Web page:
New Zealand Medical Services in Middle East and Italy
Lack of water constituted probably the greatest problem of desert warfare. In the coastal area the presence of salt as well as fresh water underground made it useless to sink wells. The main source of water for the force was by water train from Alexandria. Roman aqueducts, repaired and developed by the engineers, at Mersa Matruh, Maaten Baggush, and Burbeita supplemented the supply. Later, pipelines were laid from the aqueducts to new water points. The water thus obtained was good and easily rendered sterile, but unfortunately the amount available was limited by the fact that over-pumping at once produced salinity.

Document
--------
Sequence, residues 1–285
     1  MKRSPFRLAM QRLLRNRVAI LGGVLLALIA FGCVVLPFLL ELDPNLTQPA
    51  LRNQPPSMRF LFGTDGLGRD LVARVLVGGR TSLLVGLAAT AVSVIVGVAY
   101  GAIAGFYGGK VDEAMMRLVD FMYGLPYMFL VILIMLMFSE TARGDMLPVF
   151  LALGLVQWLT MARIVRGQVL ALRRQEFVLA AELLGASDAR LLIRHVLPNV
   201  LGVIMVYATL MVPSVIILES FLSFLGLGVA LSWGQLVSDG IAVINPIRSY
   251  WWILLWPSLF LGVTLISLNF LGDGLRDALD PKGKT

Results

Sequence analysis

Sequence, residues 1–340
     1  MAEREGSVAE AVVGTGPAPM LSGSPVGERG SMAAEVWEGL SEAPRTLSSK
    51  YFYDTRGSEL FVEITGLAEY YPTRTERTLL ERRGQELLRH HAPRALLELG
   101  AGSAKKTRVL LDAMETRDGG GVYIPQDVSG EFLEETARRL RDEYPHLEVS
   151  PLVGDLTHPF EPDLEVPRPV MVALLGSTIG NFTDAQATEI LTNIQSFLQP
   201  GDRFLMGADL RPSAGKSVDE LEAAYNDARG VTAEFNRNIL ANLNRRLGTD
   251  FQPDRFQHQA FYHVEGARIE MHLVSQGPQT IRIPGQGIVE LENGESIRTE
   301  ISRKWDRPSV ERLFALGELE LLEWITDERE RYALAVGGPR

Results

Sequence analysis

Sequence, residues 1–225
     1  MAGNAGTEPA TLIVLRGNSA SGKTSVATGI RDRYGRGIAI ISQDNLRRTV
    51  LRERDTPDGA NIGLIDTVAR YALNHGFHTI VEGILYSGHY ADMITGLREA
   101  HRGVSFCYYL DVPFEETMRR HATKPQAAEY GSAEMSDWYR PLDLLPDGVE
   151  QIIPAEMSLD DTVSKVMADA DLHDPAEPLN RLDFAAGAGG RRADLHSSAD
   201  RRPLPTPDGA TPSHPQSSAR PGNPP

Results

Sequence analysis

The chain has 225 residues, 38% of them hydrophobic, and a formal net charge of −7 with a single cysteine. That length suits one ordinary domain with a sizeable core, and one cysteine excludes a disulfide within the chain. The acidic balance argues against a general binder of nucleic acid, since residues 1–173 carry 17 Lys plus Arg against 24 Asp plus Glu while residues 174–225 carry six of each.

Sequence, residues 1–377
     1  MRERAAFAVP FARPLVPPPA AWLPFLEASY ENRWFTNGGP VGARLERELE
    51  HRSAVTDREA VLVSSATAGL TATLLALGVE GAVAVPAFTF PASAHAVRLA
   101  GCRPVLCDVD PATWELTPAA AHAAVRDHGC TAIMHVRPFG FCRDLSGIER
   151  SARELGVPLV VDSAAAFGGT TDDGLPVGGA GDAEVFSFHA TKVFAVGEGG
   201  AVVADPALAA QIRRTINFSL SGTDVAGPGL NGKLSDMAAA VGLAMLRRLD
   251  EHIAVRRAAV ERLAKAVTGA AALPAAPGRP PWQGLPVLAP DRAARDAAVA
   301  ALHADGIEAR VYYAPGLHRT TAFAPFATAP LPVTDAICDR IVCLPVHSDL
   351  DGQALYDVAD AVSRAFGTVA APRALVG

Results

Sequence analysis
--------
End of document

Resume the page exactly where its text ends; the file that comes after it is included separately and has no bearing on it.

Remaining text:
There was a further difficulty of distribution to forward and dispersed troops, for whom insufficient water carts and containers page 65 were available. Water drawn for New Zealand troops was chlorinated at the water point before distribution. The ration was one and a half gallons a day for all purposes, three-quarters of a gallon being used for cooking and three-quarters for drinking and washing. This was adequate provided there was no waste. Some units washed their clothes each week in water saved from the daily allowance, whilst others sent their clothes to a military laundry in Alexandria.